B. Interoperable

Information-sharing is a primary tenet of the IPD, and interoperability is the focus of the era of Connection mentioned earlier. Through the CDE, every involved party can access the information generated by other parties. This is because they are all synchronized to a single source of truth.

C. Generative

Generative design is a reverse approach to design — begin with the end. This entails ‘scripting’ requirements into the design software, which in turn generates diverse options based on specified constraints. Thus, producing better designs, that might otherwise be inconceivable to the human mind — at a shorter period of time. This could as well be applied to just certain parts of the building, such as a complex facade.


The emergence of the connected BIM (the cloud) has narrowed the gap between a real building and the digital version — the design. The implication is that field management becomes a coordination and verification process — to ensure the upcoming building is at par with the design intents.To ease information flow, field management tools have become mobile apps that have access to the CDE. An important element of field management is Reality Capture. These tools help report information in real-time.

A. Deep Analyses

A core feature of field management tools is Deep AI (Artificial Intelligence) Analyses. This gives actionable insights that otherwise could be expensive at a later stage. This usually comes in the form of visual reports. Analyses of field data go beyond field decisions to facility management and design decisions for future projects. A very great field management tool is onTarget.

B. Mobile Interface

Another important feature of a good field management tool is a mobile interface. Mobile apps leverage such features of the mobile phone as mobility, camera, internet etc. to synchronize with the CDE in real-time. Other notable field management apps are Smartvid.ioeSUB etc. These all integrate with BIM 360 — which is referenced here as the Common Data Environment (CDE).

C. Reality Capture

There is no better way to validate field processes than using reality capture. Starting from existing conditions modeling at design conception to as-built documentation after construction. Reality capture has replaced traditional survey tools due to its improved efficiencies and ROI. Important field management tools that employ reality capture include SiteAware and HoloBuilder.


As mentioned earlier, the Manufacturer/Supply side of the value chain fabricate and supply the building components. By implication, the holistic firm operates a very lean inventory. The inventory tools synchronize with the design tools for quantity take-offs, specifications and estimates. These tools also help with requests management, order tracking, personnel management, record keeping etc. Important tools here include Sigma Estimates, ManufactOn and Sage Timberline.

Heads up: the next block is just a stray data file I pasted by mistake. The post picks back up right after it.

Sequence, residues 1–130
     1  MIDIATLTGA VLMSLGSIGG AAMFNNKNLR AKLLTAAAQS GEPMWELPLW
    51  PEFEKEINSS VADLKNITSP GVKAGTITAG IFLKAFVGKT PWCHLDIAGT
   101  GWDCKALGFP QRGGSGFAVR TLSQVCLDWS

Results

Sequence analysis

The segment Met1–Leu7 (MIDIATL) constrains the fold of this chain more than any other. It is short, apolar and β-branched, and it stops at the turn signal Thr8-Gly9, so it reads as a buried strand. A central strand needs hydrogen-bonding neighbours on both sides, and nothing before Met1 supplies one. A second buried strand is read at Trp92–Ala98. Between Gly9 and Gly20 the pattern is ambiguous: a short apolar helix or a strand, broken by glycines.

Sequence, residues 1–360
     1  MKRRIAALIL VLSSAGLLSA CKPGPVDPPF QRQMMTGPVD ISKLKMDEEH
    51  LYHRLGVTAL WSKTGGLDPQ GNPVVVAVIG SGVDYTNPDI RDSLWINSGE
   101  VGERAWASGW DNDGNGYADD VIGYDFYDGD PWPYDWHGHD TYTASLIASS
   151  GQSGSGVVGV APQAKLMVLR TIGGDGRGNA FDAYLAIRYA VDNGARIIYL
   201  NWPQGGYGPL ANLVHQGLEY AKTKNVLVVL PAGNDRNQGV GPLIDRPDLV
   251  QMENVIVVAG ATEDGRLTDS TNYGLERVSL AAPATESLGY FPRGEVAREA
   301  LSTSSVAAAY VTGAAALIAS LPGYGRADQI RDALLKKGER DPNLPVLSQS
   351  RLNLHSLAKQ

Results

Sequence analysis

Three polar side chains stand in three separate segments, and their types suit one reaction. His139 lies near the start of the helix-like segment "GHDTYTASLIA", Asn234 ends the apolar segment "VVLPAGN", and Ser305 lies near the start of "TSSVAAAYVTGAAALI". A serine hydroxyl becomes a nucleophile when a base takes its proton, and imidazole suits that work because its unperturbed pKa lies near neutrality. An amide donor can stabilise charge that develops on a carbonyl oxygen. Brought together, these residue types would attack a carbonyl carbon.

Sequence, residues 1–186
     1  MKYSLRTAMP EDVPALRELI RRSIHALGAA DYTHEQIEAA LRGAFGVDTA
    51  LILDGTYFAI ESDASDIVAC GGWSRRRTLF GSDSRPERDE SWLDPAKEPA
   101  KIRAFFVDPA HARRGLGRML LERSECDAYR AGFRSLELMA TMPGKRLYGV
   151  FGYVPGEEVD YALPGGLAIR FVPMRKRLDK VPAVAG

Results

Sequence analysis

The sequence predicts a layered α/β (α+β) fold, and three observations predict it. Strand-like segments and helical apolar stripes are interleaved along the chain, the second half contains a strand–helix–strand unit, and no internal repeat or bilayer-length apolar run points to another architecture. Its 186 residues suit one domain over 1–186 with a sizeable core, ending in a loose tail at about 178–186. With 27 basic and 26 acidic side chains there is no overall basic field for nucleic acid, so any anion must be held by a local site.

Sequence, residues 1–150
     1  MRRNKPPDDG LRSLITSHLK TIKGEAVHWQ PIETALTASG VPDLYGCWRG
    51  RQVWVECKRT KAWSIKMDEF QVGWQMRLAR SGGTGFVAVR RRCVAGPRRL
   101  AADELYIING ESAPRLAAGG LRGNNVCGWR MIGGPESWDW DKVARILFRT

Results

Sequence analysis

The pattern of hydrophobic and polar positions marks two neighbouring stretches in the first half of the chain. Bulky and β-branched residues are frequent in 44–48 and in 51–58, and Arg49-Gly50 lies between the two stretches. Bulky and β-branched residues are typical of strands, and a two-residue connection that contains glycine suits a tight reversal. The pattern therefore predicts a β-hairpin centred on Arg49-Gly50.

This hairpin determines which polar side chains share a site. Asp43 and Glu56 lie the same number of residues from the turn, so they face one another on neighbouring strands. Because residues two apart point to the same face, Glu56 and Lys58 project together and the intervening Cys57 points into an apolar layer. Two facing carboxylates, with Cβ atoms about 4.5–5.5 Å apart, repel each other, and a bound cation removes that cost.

A. Works Order Management

A fundamental aspect of inventory is order/requests management. This entails placing requests, assigning personnel and resources to the requests, tracking the request, and completing the request when done. For IPD, this involves generating quantities and estimates from the design tools — via such tools as Sigma Estimates.

B. Procurement Management

The next stage after successfully raising the works order is to make the purchase. For the IPD, this mostly entails coordination with the suppliers — whose data are synchronized via the inventory tools — e.g. ManufactOn. Just like the works order tool, these tools are synchronized with the CDE — e.g. BIM 360 Docs. Thus, a robust inventory tool performs all the tasks.

C. Parts Management

On the arrival of the building components, they would be accounted for in the inventory. For an efficient and lean value chain, these components are supplied on an as-need basis. Thus, the inventory is just for record purposes and not for stocking — with such tools as Sage Timberline.


The summary of this writeup is that the value chain of a Smart AEC Firm can be broken down into five subsystems/units. Planning, Design, Field Management, Inventory, and Administration. It is obvious at this point that the firm is design-oriented; hence, data-driven. Therefore, the business management tools cannot operate in isolation of the other subsystems discussed so far. It is only imperative — for a smooth value chain — to use all-in-one tools that integrate the entire processes together. A good example is CoConstruct.

A. The Brand

The intangible outcome of the entire value chain is brand reputation. Thus, this goes beyond the logo, colour theme, marketing and all. It is a direct outcome of the SHARED values and vision of the company. Nonetheless, there are popular branding tools out there such as Venngage, Canva etc. These tools help with storing and creating contents for the company — standard colours, fonts, pictures, logo etc.

B. The Team

It takes the right team to coordinate the entire value chain — efficiently. However, recruiting and retaining the right skills go beyond tools. Integrated Project Delivery is multi-disciplinary: Architects, Engineers, Programmers, Interior Designers, Cost Analysts, Project Managers, Specialty Consultants, Field Engineers, Accounting/Inventory Staffs, Management Staffs etc.

Thus, An Innovative Company Culture becomes the unifier.

C. The Innovation

Technology evolves rapidly, and The Smart Way is founded on technology. To stay up-to-date with the latest tools and technology takes an innovative team. Innovation goes beyond the final product to include the delivery processes, team management, business direction — to even birthing new ideas and products…

***Adapted from Blaze Monthly Digest – August 2018.


Onyema Udeze

Onyema Udeze is the host of The Blaze Podcast.
He is the co-founder of Blaze Inc., a fast-rising startup, based in Nigeria that is tackling the inefficiencies in the built sector through numerous channels; such as services, and interactive contents.
He is also a Founding Director of ‘BIM Africa Initiative’, which is a pan-African, membership-based, non-profit organisation that is charged with BIM Awareness and Implementations across Africa.
He is the author of the book Essentials of Smart Building Technology, which is currently available on all the popular e-book stores.
He is an Instructor at Linkedin Learning.
He is an Autodesk Certified Professional for Revit Architecture, Mechanical and Electrical.
By profession, he is an Architect. But he has a vast interest in Technology Solutions in the built sector, especially those with relevant applications across Africa.